Last updated: 28 May, 2023
Andalusia expresses its passionate soul in the guitars, singing and twirling, stamping steps of its native flamenco – declared Intangible Cultural Heritage of Humanity by UNESCO in 2010.
Most scholars believed the seeds of flamenco arrived in the 15th century with the Roma from India. Over the centuries they slowly migrated west with their castanets and tambourines, absorbing songs and dances in the Middle East and North Africa along the way. The Spanish at first considered it a foreign art, or ‘Flemish’ – hence flamenco.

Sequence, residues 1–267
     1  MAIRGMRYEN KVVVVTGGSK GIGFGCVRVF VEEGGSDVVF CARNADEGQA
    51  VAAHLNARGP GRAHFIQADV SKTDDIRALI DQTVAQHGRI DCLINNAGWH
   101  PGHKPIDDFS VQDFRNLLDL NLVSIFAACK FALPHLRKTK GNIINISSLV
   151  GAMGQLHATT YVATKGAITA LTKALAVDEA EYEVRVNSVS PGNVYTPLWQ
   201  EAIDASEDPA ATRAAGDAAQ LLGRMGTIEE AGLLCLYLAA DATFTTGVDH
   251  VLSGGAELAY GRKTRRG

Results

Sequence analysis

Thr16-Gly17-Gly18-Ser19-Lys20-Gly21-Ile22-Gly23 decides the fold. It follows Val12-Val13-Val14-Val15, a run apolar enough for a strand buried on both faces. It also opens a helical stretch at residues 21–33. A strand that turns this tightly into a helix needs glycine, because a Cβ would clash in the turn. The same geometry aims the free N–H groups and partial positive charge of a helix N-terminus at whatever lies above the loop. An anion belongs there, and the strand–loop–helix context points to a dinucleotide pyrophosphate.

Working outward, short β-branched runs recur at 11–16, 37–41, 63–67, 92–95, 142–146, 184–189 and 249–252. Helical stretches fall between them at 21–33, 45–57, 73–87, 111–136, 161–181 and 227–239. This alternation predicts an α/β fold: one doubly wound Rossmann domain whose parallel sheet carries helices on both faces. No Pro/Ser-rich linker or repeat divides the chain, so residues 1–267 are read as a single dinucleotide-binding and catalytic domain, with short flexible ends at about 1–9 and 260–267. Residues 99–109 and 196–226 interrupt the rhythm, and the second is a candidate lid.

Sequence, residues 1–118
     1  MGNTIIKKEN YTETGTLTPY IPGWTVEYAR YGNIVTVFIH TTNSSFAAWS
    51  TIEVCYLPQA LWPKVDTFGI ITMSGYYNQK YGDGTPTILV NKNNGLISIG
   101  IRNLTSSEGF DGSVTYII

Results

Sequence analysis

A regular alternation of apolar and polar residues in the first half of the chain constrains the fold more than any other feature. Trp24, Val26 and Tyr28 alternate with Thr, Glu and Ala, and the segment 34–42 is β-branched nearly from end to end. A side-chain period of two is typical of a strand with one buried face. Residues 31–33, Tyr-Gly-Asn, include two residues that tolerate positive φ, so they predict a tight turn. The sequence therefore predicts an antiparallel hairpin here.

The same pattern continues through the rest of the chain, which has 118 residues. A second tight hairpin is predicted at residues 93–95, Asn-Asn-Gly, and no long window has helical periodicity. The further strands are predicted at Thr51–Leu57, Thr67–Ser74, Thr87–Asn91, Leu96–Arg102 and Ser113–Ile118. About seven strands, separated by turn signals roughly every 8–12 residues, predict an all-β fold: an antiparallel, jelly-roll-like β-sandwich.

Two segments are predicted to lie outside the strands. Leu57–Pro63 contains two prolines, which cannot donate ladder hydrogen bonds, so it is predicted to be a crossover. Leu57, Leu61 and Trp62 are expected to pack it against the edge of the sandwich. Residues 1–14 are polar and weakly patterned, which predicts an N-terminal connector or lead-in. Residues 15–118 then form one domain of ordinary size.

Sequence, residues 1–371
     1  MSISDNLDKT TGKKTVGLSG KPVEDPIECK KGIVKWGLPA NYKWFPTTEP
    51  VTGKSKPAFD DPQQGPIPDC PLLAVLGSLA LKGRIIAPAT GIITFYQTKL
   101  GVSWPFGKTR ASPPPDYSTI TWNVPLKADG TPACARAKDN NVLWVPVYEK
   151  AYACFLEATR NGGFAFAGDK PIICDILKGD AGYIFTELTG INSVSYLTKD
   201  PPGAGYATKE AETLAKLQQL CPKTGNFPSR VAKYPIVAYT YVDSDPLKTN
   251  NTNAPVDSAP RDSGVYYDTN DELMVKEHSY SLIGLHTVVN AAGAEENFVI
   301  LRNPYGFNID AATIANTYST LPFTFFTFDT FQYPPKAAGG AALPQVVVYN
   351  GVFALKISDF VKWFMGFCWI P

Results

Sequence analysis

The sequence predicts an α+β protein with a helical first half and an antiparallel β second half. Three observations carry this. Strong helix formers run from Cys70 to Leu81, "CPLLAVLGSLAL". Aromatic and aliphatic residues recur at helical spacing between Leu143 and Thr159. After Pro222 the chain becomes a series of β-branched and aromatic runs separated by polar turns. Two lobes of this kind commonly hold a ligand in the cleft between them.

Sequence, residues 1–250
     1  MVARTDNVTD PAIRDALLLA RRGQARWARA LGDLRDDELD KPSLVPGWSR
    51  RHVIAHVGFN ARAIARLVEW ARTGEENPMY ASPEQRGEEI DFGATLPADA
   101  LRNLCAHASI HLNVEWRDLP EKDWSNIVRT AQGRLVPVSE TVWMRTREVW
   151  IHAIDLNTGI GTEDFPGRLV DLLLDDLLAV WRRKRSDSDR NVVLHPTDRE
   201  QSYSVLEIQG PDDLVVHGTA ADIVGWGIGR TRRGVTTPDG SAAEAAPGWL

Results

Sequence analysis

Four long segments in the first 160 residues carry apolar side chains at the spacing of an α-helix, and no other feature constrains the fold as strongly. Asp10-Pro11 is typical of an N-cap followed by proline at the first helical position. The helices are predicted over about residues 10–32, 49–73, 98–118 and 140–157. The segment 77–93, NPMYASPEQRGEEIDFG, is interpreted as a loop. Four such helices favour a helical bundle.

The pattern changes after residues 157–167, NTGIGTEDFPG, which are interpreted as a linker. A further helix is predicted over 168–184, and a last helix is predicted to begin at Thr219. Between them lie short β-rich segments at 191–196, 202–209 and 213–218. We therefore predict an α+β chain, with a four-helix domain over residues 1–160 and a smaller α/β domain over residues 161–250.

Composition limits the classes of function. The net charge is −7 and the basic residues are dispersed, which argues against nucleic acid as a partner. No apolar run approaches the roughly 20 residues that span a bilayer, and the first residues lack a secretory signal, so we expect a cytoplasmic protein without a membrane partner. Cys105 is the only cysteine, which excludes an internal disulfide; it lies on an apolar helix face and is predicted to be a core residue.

By the 19th century flamenco as we know it emerged – popularized by Bizet’s Carmen – with shows performed in cafés cantantes (singers’ cafés), the forerunners to the modern tablaos. These are intimate venues with small wooden stages, perfect for the exhilarating machine gun-like zapateado (dancing).
You can hear flamenco’s eastern origins in the singer’s cante jondo (‘deep song’), evoking pain, sorrow and joy, while dancers express each emotion with their bodies, driven by the pulsing percussive strumming of the guitars.
A good show, and there are many here, can send chills down your spine with their duende, the ecstatic ‘demon’ spirit that brings listeners out of themselves.